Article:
Rolling Out

How Stephen Bishop’s life connected with his role in the film ‘Finding Tony’

Stephen Bishop has lived through some of the same experiences as his character

Everyone loves a redemption story, and Stephen Bishop is spearheading that role in the film Finding Tony, as he is cast as Tony, a former NBA player who is suffering from the loss of his wife and unborn child, and is looking to coach a women’s college basketball team to a championship.

Bishop spoke with rolling out about his role and the rise of women’s basketball.

How were you able to tap into the role that you played?

As far as losing his wife, I don’t think anybody can really relate to that unless you’ve gone through that and I have not gone through that, thank God. But a lot of what Tony goes through in the film, I have lived through. I’ve lived through retiring from the professional sport when I didn’t want to retire. I’m a current coach of young men, high school seniors, juniors, and some freshmen in college. That’s kind of in the wheelhouse, but coaching a group of athletes is something that I think that the women have a few things that are different, obviously, but they’re athletes to the core, so you treat them with the same amount of love and push as you do with male athletes; you just have to navigate some different things as you’ll see in the film. A lot of it was very similar to what I already do, so I was able to plug my real-life experience into Tony and allow him to come to life.

The more challenging parts – the mental health, the alcoholism, the loss of my wife and unborn child – I was just trying to be empathetic, trying to feel what that loss might feel like, and go to the depths of that depression. I’ve had traumatic experiences in my life. I was going through a tough time in my life while we were filming Finding Tony. I had some raw emotions on the surface, and I was just fortunate enough to be able to let them live there just long enough to be able to capture Tony when he needed them to be there. It was challenging, but at the same time, a lot of it was in my comfort zone.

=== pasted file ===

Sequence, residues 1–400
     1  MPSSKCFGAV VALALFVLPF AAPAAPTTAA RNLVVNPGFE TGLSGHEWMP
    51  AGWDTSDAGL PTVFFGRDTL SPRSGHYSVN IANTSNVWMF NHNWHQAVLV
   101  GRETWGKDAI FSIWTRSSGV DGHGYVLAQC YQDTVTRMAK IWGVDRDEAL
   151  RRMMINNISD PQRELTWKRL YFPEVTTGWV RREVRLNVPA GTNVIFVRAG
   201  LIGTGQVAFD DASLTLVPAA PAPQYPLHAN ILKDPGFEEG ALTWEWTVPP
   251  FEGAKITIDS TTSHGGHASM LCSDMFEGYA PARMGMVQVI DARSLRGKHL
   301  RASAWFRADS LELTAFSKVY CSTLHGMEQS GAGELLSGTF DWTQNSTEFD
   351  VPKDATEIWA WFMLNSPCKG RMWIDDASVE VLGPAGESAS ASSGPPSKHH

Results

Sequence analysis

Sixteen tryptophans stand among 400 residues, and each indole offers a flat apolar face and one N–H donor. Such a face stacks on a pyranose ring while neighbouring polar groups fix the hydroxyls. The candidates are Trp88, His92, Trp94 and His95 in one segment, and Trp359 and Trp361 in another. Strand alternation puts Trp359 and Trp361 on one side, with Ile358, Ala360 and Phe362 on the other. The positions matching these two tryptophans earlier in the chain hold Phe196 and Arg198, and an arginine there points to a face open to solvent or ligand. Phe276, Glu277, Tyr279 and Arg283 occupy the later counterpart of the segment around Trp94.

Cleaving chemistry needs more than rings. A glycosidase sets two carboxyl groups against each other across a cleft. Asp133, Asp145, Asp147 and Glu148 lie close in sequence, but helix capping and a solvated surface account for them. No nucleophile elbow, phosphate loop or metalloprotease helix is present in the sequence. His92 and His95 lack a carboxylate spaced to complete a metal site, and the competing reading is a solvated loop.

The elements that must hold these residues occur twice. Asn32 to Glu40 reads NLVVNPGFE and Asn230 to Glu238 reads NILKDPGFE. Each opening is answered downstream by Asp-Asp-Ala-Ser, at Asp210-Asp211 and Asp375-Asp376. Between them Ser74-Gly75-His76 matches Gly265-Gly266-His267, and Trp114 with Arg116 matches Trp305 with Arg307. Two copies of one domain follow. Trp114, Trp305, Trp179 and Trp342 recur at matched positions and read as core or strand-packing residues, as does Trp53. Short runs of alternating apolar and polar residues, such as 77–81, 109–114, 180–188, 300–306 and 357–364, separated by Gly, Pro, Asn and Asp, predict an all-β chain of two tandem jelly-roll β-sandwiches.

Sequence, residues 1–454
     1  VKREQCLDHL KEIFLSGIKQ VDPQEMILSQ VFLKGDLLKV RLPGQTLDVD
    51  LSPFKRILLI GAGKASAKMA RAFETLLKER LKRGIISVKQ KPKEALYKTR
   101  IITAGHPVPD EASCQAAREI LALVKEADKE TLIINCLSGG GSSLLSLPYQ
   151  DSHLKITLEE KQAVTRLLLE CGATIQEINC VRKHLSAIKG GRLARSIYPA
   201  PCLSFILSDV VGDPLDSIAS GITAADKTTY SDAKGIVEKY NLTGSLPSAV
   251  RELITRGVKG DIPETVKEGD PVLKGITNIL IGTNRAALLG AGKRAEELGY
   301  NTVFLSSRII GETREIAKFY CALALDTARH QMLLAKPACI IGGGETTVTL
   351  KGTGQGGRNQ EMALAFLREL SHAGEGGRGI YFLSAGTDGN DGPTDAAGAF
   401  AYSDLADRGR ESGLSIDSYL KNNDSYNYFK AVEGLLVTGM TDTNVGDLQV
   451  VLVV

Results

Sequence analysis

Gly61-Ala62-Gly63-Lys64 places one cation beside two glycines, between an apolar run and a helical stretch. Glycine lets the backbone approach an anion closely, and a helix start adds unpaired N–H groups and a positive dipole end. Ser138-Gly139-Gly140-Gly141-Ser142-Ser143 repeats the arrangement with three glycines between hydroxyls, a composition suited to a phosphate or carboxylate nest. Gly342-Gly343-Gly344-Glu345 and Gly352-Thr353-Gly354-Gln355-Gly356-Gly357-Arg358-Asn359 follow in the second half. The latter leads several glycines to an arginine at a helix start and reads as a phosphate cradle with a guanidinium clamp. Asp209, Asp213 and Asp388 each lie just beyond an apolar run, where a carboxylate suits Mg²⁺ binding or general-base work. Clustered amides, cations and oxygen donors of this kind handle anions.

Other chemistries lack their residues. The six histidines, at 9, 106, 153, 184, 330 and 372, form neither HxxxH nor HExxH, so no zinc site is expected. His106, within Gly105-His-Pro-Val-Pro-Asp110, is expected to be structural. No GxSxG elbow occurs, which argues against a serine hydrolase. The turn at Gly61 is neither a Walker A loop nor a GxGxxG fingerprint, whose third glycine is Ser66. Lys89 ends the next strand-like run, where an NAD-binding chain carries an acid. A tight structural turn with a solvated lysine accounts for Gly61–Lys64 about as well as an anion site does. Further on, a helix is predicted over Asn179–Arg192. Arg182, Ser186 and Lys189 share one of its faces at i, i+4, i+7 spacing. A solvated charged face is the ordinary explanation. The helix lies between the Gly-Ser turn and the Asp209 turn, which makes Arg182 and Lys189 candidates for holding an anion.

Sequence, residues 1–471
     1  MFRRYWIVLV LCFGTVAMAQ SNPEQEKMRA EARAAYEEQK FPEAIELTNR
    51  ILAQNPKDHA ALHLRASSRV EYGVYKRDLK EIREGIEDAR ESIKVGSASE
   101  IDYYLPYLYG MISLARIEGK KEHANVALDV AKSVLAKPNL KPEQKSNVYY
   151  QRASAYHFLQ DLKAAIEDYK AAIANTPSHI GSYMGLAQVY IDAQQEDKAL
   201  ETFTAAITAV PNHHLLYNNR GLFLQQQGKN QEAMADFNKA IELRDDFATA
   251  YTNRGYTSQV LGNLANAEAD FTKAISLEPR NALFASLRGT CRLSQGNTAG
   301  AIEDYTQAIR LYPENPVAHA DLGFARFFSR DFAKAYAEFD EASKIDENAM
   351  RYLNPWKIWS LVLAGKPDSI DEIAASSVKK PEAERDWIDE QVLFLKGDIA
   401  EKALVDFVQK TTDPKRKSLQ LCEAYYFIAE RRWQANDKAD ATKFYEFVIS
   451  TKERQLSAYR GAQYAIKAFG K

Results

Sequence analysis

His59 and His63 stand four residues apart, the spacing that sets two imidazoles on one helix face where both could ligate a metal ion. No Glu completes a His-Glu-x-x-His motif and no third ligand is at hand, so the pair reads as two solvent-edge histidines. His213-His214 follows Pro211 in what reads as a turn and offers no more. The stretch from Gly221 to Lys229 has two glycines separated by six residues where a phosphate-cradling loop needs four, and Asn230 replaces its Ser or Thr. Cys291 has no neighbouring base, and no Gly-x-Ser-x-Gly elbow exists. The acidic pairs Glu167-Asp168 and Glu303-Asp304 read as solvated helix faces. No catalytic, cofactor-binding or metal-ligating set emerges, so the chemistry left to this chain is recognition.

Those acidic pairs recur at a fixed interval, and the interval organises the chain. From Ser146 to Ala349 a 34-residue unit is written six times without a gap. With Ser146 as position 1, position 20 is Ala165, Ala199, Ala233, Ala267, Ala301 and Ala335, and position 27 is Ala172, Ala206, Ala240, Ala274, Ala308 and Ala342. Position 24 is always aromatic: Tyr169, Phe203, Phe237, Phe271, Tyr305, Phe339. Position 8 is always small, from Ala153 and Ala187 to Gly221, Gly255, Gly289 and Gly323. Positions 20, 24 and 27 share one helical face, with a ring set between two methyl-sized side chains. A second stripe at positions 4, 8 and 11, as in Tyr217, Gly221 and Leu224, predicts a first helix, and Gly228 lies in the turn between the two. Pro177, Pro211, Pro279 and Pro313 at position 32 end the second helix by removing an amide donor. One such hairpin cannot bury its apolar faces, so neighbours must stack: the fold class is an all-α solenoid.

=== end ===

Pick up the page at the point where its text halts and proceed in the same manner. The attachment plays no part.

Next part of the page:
With the rise of women’s basketball today, how big was it to lean into that storyline in this film?

My daughter is only six years old but she’s playing soccer and I’m there watching her and going to her practices, so to see the rise of women’s sports just in time for this movie it’s obviously God’s timing but it’s perfect timing. It’s special because once I get this out and I can let my daughter see it she can see an example of a women’s team winning championships, she can see the hard work that they have to put in and she can see me in a coaching role with them, and I’m sure that’ll make her proud.

She asked me to coach her soccer team all the time. And I’m just like, “No, baby, I just want to watch. I don’t know that much about soccer to coach your team.” Plus, I had her brother in baseball, and I coached his entire Little League career, so this time I just want to watch. But I think it’s great timing, obviously. Even when we shot it, it wasn’t as hyped as the NCAA Women’s championships. They were so highly watched right before we’re coming out. I think that’s going to be a blessing for us. Like I said, God’s timing is impeccable.

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